But the US does not provide universal healthcare. Most other developed countries do. Some like Canada and the UK have government run healthcare. Others, like Switzerland have private healthcare but universal coverage. Their healthcare systems may differ, but the developed world does not let its citizens lose their life’s savings because they got sick. Except, that is, the United States.
Now, if universal coverage is the objective, you must either have a government run healthcare system like Canada’s or insurance companies have to accept pre-existing conditions. If insurance companies didn’t accept pre-existing conditions and the government had to pick up the tab for them, we would essentially be incentivizing the insurance companies to get rid of sick people and send them over for government aid. Eventually, this would be one huge transfer from tax payers to the insurance companies.
On the other hand if insurance companies had to accept everybody, with no other change, premiums would rise, healthy people would drop out of insurance, and premiums would rise further until the system breaks.
The only way to make this work is to force insurance companies to accept pre-existing conditions and at the same time make it unlawful for people to not have insurance which is called the individual mandate.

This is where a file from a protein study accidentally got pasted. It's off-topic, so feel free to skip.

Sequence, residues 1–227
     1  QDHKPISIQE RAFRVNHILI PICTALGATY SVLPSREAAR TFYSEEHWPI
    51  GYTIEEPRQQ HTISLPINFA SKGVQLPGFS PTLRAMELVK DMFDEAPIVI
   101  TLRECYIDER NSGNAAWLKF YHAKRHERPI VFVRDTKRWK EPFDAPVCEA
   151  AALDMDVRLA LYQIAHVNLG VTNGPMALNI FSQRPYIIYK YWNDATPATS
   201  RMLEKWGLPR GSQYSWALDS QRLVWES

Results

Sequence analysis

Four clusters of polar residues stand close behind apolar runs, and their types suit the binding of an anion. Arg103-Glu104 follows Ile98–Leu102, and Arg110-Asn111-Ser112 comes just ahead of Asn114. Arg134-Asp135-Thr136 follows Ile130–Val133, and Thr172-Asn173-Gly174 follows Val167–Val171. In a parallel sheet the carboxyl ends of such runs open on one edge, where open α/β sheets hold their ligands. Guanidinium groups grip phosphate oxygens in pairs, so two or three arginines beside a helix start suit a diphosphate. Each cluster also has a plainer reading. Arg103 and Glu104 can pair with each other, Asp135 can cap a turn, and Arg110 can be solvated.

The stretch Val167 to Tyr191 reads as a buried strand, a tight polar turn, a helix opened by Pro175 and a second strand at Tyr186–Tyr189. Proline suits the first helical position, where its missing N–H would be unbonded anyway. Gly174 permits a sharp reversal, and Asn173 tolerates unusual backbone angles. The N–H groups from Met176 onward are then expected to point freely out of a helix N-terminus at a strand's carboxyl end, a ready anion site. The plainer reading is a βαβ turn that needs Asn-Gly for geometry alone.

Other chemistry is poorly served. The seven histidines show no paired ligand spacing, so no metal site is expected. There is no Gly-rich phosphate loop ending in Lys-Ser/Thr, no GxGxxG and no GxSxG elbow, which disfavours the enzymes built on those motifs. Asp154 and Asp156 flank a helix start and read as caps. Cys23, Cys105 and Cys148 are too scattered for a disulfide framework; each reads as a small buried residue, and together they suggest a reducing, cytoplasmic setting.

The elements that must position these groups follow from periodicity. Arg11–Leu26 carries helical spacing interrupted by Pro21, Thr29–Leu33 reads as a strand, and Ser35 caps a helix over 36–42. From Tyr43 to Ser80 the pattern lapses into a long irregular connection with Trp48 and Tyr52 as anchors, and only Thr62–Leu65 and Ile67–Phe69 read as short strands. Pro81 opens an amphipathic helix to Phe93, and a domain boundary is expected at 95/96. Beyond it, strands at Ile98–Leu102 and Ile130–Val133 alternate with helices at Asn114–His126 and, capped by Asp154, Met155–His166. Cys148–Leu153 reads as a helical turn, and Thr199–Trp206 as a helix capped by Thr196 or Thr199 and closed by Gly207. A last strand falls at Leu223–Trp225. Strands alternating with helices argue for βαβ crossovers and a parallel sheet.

In my previous post, I may have bellyached about insurance companies. But really, they are products of the system we have today. They use pre-existing conditions to deny coverage because they can. They use millions of dollars to lobby lawmakers to stop healthcare reform because they can. But what Americans can do is put a stop to this. Tell your elected representatives where you stand on healthcare.
Oh, and one more thing. My company’s insurance did not go up because insurers are being forced to accept pre-existing conditions. That hasn’t begun yet, and though some people think that the huge premium increases being reported are because the insurers want to reset the baseline quickly, I don’t think that is why our premiums went up. It was probably because, on our small account, Aetna was losing money. The sum of premiums over the year was exceeded by expenses.
In the late 90s, we had a similar rate hike when I was at Infosys. We were already a sizable employer in the US and so the massive rate hike wasn’t because we were too small and they didn’t care if they lost our account. It was, and we were told as much, because our employees were having too many babies! We had a young workforce, almost entirely H1-B visa employees. There might have been some eagerness to have a baby while they were here with their spouses so that the child got a US passport. Consequently, the pregnancy rate was way over what the insurers pregnancy tables told them. And pregnancies cost a lot. So they decided that they had to lose the account. If you priced it high enough, we would leave. And we did.
That’s what healthcare insurance has become today. Sifting through the population to get to the healthy population. It’s a broken system and needs to be fixed.